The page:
Spotting the disguises and masquerades

Steve Dix (School of Marketing, Curtin University of Technology, Perth, Australia)
Ian Phau (School of Marketing, Curtin University of Technology, Perth, Australia)

Marketing Intelligence & Planning

ISSN: 0263-4503

Publication date: 8 May 2009



The purpose of this paper is to compare the perceptions of agencies, advertisers, and media consumers on the blurring practices commonly used to confuse editorial and advertising.


A self‐administered questionnaire was mailed out to three sample groups, namely advertisers, agencies, and media consumers: 100 questionnaires were mailed to advertisers, 400 to agencies and 1,000 to media consumers. The response rate by group was 10, 11.75, and 24.5 percent, respectively.


The findings did not substantiate the concerns that blurring practices are misleading to stakeholders in the industry. Advertisers in particular showed positive attitudes towards blurring practices. It is also revealed that there are few significant differences in the attitudes towards regulation of blurring practices among the three sample groups. However, there are differences in perception across sample groups towards the various types of blurring practices.

Research limitations/implications

Limitations to the paper include the differences in time frame, market size, as well as location from which the samples were drawn. Future research could investigate media executives. Furthermore, the paper is only a snapshot across different blurring practices. Potentially, a specific blurring practice could be monitored over time to provide deeper insights.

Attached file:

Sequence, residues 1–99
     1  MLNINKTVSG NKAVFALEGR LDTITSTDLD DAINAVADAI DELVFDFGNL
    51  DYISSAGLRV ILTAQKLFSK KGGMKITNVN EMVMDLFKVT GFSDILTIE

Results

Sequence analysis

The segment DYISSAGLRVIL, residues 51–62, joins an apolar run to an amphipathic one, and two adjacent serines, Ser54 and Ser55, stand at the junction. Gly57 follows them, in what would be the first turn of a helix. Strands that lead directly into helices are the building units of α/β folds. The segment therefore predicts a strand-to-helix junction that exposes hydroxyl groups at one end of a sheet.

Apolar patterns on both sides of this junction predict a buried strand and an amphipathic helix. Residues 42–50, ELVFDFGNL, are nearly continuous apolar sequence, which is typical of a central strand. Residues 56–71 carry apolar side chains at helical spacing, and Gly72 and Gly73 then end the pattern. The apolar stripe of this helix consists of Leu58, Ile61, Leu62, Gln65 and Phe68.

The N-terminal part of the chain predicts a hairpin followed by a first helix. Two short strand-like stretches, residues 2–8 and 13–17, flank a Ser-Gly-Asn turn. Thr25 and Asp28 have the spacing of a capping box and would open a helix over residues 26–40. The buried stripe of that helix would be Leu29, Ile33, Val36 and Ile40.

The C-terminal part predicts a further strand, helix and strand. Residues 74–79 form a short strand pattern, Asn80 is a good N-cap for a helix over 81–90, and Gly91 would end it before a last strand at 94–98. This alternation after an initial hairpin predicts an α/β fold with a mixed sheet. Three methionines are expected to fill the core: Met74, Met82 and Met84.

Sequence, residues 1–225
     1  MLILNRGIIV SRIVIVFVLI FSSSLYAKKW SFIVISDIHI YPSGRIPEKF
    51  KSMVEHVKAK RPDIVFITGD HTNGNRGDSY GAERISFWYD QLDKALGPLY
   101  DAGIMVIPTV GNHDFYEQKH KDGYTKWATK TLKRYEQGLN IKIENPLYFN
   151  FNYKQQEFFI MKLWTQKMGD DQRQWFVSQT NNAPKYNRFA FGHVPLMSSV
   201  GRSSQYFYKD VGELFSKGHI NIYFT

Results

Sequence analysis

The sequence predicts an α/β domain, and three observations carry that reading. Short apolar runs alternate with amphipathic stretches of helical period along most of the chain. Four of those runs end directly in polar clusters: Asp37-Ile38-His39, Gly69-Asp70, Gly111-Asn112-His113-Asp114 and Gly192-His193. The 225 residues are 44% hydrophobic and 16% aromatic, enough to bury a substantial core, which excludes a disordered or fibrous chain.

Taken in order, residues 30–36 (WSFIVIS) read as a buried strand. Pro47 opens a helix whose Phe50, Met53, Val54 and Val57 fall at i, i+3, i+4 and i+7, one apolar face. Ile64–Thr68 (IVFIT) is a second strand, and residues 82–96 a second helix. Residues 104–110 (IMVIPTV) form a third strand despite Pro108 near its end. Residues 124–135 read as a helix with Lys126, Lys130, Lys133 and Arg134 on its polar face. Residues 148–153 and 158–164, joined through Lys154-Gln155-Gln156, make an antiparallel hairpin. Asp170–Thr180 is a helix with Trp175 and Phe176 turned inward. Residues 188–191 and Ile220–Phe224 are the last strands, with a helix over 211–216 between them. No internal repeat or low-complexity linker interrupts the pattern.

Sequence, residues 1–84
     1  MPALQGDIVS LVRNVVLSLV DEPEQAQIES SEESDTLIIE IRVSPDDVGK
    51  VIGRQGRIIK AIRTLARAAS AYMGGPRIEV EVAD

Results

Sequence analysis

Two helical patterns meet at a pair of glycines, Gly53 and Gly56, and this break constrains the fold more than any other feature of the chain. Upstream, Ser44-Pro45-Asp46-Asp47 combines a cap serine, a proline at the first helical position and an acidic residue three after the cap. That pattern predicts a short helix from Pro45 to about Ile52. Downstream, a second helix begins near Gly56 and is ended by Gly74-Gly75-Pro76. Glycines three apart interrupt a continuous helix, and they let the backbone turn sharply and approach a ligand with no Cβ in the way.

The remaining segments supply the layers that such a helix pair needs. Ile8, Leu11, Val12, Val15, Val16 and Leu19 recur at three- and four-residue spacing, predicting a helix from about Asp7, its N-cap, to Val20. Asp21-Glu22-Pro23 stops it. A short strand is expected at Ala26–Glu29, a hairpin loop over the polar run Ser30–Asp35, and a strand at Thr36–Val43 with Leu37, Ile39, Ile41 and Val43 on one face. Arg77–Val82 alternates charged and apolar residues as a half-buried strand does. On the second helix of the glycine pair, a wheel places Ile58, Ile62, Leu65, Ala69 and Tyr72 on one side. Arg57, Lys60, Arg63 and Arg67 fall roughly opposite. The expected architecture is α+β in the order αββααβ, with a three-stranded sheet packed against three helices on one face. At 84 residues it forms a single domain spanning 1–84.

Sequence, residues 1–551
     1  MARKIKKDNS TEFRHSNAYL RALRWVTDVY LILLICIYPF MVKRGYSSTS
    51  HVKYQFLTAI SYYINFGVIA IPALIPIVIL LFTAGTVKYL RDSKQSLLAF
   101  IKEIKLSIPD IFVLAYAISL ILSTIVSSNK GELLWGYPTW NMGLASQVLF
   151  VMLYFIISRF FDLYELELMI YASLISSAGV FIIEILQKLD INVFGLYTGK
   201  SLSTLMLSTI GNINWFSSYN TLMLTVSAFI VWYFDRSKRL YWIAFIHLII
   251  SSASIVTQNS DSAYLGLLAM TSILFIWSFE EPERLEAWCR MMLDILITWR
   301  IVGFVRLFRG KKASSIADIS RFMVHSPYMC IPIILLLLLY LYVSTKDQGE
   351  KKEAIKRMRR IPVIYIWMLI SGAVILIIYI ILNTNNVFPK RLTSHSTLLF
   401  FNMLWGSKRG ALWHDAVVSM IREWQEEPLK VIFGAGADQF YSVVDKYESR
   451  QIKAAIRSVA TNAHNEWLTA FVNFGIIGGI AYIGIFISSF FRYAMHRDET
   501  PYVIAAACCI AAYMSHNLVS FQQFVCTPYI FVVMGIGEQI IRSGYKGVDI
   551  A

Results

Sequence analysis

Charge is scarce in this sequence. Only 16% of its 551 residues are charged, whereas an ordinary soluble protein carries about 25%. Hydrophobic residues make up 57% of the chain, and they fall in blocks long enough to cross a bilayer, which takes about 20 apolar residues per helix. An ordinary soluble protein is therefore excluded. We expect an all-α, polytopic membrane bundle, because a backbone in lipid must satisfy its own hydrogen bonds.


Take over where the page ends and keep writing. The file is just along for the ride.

Practical implications

The results of this paper offer both advertisers and agencies a guide to shifts in the perceived role of advertising blurring practices across a 15 year period. Moreover, it also provides advertising stakeholders with a consumers' view of such blurring practices, highlighting the extent and direction to which consumers deviate from the industry perspective. Such insights offer a useful yardstick to assist advertising decision makers on the relevance of using a blurred advertising approach as a strategic or tactical advertising initiative.


With its replication and extension focus, the restricted originality in this paper is compensated by its comparative insights into advertising blurring practices among advertising stakeholders.



Dix, S. and Phau, I. (2009), "Spotting the disguises and masquerades", Marketing Intelligence & Planning, Vol. 27 No. 3, pp. 413-427.

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